Have you ever had one patient ruin your mood for the entire day?


  • Specializes in Acute care and rehabilitation. Has 12 years experience.

I had this patient today that just made me feel like the most incompetent nurse. That's my button. I usually handle myself really well when it comes to emotions. But when I feel bad about myself because I feel like I can't do my best in this situation. I can't help it, I get emotional. So lets get to the story...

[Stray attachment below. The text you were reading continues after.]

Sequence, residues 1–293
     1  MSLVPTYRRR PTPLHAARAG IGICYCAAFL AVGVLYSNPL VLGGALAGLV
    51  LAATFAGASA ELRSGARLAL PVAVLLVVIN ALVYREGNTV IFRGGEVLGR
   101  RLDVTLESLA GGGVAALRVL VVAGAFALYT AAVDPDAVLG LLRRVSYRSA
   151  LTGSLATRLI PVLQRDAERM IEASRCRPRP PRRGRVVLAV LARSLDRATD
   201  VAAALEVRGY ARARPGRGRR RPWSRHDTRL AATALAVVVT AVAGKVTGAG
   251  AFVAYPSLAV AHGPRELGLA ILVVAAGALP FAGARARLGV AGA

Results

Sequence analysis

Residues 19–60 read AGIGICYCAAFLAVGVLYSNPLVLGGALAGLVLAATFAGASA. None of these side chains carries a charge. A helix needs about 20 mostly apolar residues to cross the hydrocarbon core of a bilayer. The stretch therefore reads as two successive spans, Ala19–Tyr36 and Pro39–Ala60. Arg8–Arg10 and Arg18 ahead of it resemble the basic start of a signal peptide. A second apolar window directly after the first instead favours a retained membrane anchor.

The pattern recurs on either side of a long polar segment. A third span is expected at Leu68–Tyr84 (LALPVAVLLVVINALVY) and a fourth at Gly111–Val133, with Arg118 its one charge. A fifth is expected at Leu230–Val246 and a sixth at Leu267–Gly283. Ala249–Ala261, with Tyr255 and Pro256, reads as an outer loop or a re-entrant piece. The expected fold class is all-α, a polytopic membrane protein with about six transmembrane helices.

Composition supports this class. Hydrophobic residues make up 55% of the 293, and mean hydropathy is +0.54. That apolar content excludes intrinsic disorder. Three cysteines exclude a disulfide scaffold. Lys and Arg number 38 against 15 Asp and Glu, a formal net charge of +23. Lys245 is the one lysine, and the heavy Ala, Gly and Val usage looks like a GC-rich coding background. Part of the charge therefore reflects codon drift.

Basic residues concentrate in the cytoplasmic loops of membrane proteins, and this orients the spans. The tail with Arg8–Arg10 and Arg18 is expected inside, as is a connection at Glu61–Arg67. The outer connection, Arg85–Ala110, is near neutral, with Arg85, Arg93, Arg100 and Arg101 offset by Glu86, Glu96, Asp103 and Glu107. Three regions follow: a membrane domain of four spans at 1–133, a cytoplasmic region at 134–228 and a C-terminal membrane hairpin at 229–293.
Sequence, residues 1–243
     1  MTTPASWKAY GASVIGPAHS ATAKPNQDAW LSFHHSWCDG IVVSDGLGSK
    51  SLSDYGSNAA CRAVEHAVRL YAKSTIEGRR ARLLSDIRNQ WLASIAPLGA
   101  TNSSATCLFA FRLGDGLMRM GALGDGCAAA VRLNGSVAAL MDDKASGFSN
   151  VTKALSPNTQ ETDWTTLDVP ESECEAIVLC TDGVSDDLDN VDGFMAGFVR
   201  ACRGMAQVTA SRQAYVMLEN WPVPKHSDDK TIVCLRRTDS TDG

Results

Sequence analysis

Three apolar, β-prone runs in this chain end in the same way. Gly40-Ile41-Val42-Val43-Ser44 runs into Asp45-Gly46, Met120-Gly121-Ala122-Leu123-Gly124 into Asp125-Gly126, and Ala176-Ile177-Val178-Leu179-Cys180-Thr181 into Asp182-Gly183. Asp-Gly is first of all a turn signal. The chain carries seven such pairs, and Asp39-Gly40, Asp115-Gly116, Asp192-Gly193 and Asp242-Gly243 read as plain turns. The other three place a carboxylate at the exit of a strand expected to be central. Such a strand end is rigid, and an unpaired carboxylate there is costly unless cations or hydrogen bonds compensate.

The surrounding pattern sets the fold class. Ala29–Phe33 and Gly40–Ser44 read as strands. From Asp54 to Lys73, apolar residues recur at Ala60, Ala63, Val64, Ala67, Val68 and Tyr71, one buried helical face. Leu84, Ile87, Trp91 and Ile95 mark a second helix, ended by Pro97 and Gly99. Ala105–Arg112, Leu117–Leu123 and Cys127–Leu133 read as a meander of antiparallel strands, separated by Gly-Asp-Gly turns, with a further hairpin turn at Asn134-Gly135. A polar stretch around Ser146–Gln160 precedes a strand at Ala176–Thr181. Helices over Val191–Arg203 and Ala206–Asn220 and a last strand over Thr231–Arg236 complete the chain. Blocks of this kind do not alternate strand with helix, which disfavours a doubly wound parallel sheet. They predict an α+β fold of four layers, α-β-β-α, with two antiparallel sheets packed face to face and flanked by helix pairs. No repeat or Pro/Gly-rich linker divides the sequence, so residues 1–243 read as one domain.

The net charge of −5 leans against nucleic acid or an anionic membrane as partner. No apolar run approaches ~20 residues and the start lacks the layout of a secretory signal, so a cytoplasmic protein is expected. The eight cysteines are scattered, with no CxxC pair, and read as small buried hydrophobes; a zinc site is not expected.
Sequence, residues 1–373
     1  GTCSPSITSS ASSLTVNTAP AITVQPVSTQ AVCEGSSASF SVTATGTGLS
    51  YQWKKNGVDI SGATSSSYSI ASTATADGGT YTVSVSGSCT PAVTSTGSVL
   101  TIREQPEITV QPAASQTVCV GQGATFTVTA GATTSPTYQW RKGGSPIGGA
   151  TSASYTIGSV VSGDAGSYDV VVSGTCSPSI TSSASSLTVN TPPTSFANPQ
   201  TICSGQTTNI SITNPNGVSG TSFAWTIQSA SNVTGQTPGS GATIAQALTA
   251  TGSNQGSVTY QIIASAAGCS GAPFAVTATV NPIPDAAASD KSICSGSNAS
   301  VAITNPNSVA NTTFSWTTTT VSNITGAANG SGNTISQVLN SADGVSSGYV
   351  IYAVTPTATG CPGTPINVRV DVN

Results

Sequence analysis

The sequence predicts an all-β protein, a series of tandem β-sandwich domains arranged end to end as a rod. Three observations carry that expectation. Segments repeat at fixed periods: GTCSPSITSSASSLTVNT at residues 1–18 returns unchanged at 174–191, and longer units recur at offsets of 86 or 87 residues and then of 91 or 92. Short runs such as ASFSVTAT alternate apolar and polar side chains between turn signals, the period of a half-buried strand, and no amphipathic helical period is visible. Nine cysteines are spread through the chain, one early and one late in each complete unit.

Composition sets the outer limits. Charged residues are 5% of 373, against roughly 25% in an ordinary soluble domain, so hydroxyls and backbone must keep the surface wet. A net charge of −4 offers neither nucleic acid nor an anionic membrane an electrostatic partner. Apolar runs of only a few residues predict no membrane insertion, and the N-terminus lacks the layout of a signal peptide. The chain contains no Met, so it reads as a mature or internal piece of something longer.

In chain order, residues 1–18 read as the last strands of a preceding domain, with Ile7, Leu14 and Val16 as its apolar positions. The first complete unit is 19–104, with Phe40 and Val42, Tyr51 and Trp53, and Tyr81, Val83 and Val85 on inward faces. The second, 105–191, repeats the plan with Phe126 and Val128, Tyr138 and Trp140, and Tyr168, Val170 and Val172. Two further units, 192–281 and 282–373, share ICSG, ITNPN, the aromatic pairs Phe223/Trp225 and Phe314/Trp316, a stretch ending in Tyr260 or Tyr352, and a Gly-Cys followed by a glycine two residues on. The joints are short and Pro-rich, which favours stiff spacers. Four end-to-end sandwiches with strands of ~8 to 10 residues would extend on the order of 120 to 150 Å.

This patient was in a severe accident and has had multiple surgeries to reconstruct his left extremities. The last time I was his nurse, there were several orders to question. The patient remembered being told one thing, but the orders said something different. His surgeons office was called, message was left, follow up fax was also left. No response was received that day and I didn't have him as a patient again until today almost a month later, they ended up with clarifications but the next nurse probably got the credit in the patient's eyes. A month ago, his dressing to his left hand was to go untouched until the next follow up appointment. This time around, I got in report that he went to his appointment 2 weeks ago and the nurses have been changing his bandage without an order. This patient is very involved in his own self care and most likely told the nurses that the doctor wants us to change the dressings now. I can only presume that. I walk in the room hoping to see a dressing, take it off, clean the wounds, and redress it the way it was. But I walk in the room and the dressing is not there. He had just taken a shower and apparently was allowed to have it washed in the shower. Now it is sitting open to air and I have nothing to look at. So I ask the other nurses I was working with if they knew how it was being dressed. No one knew. My next option was to ask the patient. So I did. He was perplexed that I didn't know. I explained, we don't have an order. So I don't know what we're supposed to be doing. You are involved in your own care, so tell me what has been done the last several days and that's what I'll do. He tried to describe a piece of hardware I was totally unfamiliar with. He said it came from the ER. I went to the ER, no one knew what it was. I came back to him and asked him to describe it with different words and maybe it would click. Finally another nurse said, I think I know what you're talking about, she went to the ER and finally the patient said yes that's it! We had what we needed. As I'm applying the dressing and following his instructions, he's grilling me saying "how is it there are no orders for this, I brought papers in from my appointment and no one else has questioned this before, just you. In my head I thought, well they were probably communicating but no one told me, someone should have asked for an order between then and now, so situations like this didn't occur. I honestly don't remember how I responded. He was just very demeaning in his tone. The remainder of the day I was very busy with my other patients too, I tried to make it back in the room before he went to physical therapy to change the leg dressings as well. I came later than I hoped because I was pulled in a million directions. When I got there is was too close to his appointment time so he wanted me to wait until after. Then I got an admission that needed a lot of attention and I ended up telling him I wouldn't have time to do it and night shift would have to follow up. He didn't like the night nurses doing it apparently so made the choice to wait until the nurse tomorrow morning came on, and thank god it wouldn't be me. 30 min before end of shift I was drawing up an antibiotic for another patient and he is at the nurses station, and asks for a pain pill. I say I'm in the middle of something and I can't get it at the moment but I will when I'm through with what I'm doing. He replies "Come on, you have GOT to be kidding me!". I mean clearly, this guy did not approve of me and the way I had handled him the entire day. I just felt aweful and was so unhappy all day because of his attitude. I've had patients who are just plain mean to everyone and for some reason I can handle those guys, piece of cake. But this guy is different. He has that favoritism type of attitude like only one or two people can do a certain thing right. He seems very passive aggressive too.